Israel, Iran and the region: The President’s Middle East outlook
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BIDEN BEGINS TERM

Israel, Iran and the region: The President’s Middle East outlook

Biden will not return to the foreign policy of the Obama era, Executive Council of Australian Jewry co-CEO Peter Wertheim says.

Joe Biden, joined by Kamala Harris, speaks on November 9, 2020, in Wilmington, Delaware. Photo: AP Photo/Carolyn Kaster
Joe Biden, joined by Kamala Harris, speaks on November 9, 2020, in Wilmington, Delaware. Photo: AP Photo/Carolyn Kaster

A BIDEN administration will not mean a return to the foreign policy of the Obama era, Executive Council of Australian Jewry co-CEO Peter Wertheim has suggested.

The inauguration of President Joe Biden and Vice-President Kamala Harris was scheduled to take place at 4am this morning (Thursday) AEDT, making him the 46th President of the United States.

Biden succeeds Donald Trump, whose administration claimed some significant foreign policy achievements, including moving the US embassy to Jerusalem and presiding over the Abraham Accords which saw Israel normalise ties with several Arab nations.

But Trump’s refusal to accept defeat in November’s election and subsequent inflammatory rhetoric has exacerbated societal divides within his own country and plunged the United States into crisis. Pro-Trump rioters stormed the Capitol on January 6, resulting in five deaths, while there were fears of more unrest overnight.

Wertheim said these events “have only underlined the need for the new administration to make good on its promise to show zero tolerance for violent extremism and to neutralise the proliferation of crackpot conspiracy theories and the ideology of racial supremacism”.

On foreign policy, he said the Biden-Harris team “is likely to take a less unilateralist and more traditional, multi-lateral approach to foreign policy”.

“We can expect continuity from the new administration in encouraging the trend toward normalisation between Israel and Arab countries, and promoting enhanced US security cooperation with Israel and its Arab partners,” he said.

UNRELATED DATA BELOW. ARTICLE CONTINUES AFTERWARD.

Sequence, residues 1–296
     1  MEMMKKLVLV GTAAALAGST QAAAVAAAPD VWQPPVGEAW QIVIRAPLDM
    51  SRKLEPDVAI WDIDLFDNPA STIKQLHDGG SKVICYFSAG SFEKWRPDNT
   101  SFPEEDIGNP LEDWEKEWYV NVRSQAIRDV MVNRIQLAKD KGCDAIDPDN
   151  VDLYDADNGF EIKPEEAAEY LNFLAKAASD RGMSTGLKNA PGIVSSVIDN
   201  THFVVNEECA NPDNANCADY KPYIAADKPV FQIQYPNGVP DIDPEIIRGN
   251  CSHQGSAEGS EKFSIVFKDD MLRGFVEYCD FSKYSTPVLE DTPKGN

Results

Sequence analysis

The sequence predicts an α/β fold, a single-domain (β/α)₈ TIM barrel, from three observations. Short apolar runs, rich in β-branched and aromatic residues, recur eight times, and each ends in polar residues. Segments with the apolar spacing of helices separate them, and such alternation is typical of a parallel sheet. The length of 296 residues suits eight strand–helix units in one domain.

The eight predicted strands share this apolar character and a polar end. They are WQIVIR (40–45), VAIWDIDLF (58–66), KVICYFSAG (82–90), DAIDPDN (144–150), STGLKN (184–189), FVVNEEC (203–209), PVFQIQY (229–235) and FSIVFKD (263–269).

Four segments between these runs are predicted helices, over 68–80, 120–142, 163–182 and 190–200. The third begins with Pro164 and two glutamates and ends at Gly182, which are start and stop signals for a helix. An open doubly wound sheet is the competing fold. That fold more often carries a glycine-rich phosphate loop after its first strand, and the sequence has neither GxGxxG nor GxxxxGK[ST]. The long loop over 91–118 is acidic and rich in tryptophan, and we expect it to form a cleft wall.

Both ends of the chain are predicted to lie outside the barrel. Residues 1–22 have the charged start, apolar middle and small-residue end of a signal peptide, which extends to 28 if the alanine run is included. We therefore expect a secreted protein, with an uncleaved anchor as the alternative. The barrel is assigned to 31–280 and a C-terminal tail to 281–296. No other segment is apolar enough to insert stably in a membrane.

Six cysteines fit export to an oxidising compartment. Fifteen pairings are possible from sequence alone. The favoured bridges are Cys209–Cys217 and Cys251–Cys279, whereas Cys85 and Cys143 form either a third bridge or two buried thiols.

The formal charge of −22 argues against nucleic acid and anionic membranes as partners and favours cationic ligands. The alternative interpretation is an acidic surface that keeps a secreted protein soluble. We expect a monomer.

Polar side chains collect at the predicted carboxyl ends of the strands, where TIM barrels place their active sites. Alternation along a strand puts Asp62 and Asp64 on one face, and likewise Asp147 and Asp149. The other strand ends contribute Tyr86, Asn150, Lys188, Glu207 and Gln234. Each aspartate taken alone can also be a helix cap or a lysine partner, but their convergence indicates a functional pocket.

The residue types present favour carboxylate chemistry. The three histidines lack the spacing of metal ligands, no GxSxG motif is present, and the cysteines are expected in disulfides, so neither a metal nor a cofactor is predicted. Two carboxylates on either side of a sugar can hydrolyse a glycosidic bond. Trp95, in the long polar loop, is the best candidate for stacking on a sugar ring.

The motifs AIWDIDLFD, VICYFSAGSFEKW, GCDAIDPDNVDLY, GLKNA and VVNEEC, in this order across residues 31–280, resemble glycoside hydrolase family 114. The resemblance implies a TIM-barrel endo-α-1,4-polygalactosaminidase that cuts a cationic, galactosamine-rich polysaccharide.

Israeli Prime Minister Benjamin Netanyahu with then-US vice-president Joe Biden in Jerusalem in 2016. Photo: Amit Shabi/Pool

Wertheim said the embassy will not be moved back to Tel Aviv, and while the new administration will want to keep open the possibility of a future two-state peace between Israel and the Palestinians, “[it] will probably not invest resources in any new diplomatic initiative”.

He suggested that after China, Iran “may well be the greatest foreign policy challenge” faced by the US, and the major source of disagreement with Israel.

“Biden’s proposal to return to the original terms of the international nuclear agreement with Iran and then to negotiate improvements to the problematic provisions of the original deal, will almost certainly be a major concern for Israel, but the idea may prove to be illusory,” he said.

“Iran has reportedly already enriched enough uranium to shorten the breakout time that it would need to develop military nuclear capabilities from one year, as envisaged by the agreement, to three months.”

Zionist Federation of Australia President Jeremy Leibler said he hoped the Biden administration will heal the serious divisions in American society.

“America and indeed the world are in desperate need of a leader who will inspire rather than divide,” he said.

“Trump’s refusal to accept the results of the election and his incitement of riotous behaviour has been appalling and will forever tarnish his legacy. However, there is no denying his significant diplomatic achievements in the Middle East, including the Abraham Accords, and these achievements should be built upon.”

Australia/Israel & Jewish Affairs Council (AIJAC) executive director Colin Rubenstein said, “We look forward to Biden also further extending the Abraham Accords and other peace and normalisation deals between Israel and the Arab and Muslim world, and pursuing a reality-based approach to dealing with the Palestinian issue.”

He added, “AIJAC hopes the Biden administration will build on the effective maximum pressure exerted on Iran in recent years by adopting a realistic, strong policy designed to bring Iran back to the table and renegotiate a nuclear deal that puts a permanent end to Iran’s nuclear weapons ambitions.”

Then Vice-President Biden with former President Barack Obama.

AJN publisher Robert Magid recalled meeting Biden at an American Jewish Committee event when he and former president Barack Obama were both still senators.

“Biden clearly had friends in the audience, people he recognised and who greeted him warmly. He had strong relations with Jewish organisations and members of the Jewish community and he had a very good and sympathetic grasp of the Middle East,” he said.

This contrasted with a speech delivered by Obama at the event, who according to Magid, was “clearly not well informed at all at that stage, as a junior senator, about the Middle East”.

“I therefore would not assume that Biden would be following an Obama Middle East policy … his will be more sympathetic,” he said.

Noting that incoming Secretary of State Antony Blinken and Chief of Staff Ron Klain are both Jewish, Magid said one would expect them to “have a strong understanding of Israel’s situation and the concern about the [Iranian] nuclear weapons”.

“Clearly Iran is very well advanced. They’re going hell for leather both with delivery systems and with enrichment. So a very dangerous situation,” he said.

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